2. Remove all those countries which were not members of the EEC at the time of the 1975 referendum, except for those whose continuing membership is approved by the British people in nineteen separate referendums.

3. Restore the British national veto over all EU proposals that was promised at the time of the 1975 referendum.

4. Reduce the competences of the EU to those which had been conferred at the time of the 1975 referendum.

5. Scrap the single currency that the government promised would not happen at the time of the 1975 referendum.

Failing which, the UK should put in its notice of withdrawal.

Peter van Leeuwen said...

Cooperating national parliaments should show a bit more activism. COSAC could carve out a larger role for itself.

Rik said...

Little attention for Red Tape.

Would have been better to include Service directive (and freetrade agreements). So the burocrats keep having something to do.
Systems if not having changed its culture always tend to move to the normal (well what they see as the normal).

Problem with this remains that the system remains rigid. No room for flexibility effectively (unless all agree). Countries cannot leave the EZ for instance. Other views on immigration will take a decade or more to get into EU legislation if at all. While these could put at national level the thing under heavy pressure (what we see now). And who knows what the future might bring.
In other words you should work more towards a basis to which everybody has to sign on. And modules to be added to it. So one one hand countries can move forward in a smaller group, but on the other hand when things get unbearable at national level there is an opt out (should of course not be a flipflop/Mr Ed thingy).
This starts now to block necessary measures on one hand and generates a lot of pressure in several countries at the other. Lousy combination.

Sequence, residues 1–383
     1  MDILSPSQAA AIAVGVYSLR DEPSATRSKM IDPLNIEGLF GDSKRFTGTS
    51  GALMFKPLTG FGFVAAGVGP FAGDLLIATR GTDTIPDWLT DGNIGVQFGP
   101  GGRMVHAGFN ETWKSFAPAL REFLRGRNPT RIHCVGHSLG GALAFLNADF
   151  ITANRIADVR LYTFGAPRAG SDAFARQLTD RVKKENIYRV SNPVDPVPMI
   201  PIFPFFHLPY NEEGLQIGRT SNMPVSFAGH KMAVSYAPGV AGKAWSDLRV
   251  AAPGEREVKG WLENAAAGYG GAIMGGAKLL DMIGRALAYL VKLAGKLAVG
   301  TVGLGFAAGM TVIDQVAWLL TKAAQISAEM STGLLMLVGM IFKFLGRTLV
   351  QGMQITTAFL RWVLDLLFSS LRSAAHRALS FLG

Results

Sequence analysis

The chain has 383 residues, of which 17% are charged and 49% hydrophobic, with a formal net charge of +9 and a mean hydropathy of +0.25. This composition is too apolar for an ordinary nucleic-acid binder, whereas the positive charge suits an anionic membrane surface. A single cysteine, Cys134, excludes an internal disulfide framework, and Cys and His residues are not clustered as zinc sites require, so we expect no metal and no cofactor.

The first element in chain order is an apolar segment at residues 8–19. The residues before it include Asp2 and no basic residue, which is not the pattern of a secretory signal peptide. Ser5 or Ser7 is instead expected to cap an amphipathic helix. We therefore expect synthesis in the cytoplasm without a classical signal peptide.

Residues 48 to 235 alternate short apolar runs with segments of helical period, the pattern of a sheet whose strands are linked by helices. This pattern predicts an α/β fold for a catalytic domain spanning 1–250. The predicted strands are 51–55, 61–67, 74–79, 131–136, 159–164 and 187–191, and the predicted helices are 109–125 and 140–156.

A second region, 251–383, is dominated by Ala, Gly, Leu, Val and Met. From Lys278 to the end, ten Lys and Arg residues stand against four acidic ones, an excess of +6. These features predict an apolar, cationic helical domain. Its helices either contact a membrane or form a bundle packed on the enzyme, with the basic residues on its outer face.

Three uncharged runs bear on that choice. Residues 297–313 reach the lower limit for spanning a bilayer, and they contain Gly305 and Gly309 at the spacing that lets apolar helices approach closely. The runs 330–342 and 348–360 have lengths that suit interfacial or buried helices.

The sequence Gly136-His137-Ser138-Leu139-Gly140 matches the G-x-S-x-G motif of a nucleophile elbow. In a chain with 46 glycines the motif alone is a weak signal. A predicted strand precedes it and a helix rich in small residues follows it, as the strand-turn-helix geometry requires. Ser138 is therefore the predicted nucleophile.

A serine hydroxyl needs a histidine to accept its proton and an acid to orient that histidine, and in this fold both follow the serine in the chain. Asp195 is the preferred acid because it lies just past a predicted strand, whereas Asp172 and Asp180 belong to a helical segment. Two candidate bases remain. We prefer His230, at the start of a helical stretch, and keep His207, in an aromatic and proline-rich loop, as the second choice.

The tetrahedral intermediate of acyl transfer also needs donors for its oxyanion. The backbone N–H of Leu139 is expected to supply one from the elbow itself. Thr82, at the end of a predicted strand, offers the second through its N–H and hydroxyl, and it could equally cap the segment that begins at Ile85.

When you get close to people's life it will more and more become necessary that swift political action can be taken at both European and national level. Unflexible things break sometime.

Idris Francis said...

Too busy to comment, have to put out the pig-swill, at 10,000 feet

Anonymous said...

The problem is that none of the "competencies" that have been usurped by the unelected commission will ever have a chance of being returned to the nations, no reform will take place just more and more power grabs.

christina speight said...

Denis Cooper is the only one that grasps what is needed . But although that's needed it won't happen so our "notice of withdrawal is inevitable. Open Europe's vague optimism is depressingly obscuring the true facts and the Dutch for - for all their ingenuity - haven't grasped the hard truth. No tinkering is possible AT ALL.

Do let's stop talking about "Reform" - not remotely possible. , All this hot air belongs with Idris's pig swill at 10,000 feet !

Jesper said...

Is Barroso also asking for reform:

"Because the European Union is not perfect. There are things that we can - and are - changing for the better. There are some things we should do more of, and other things in which Europe does not need to meddle."

I can't help but wonder: Which things he thinks EU (which institutions?) should not meddle in? Has there been inappropriate meddling?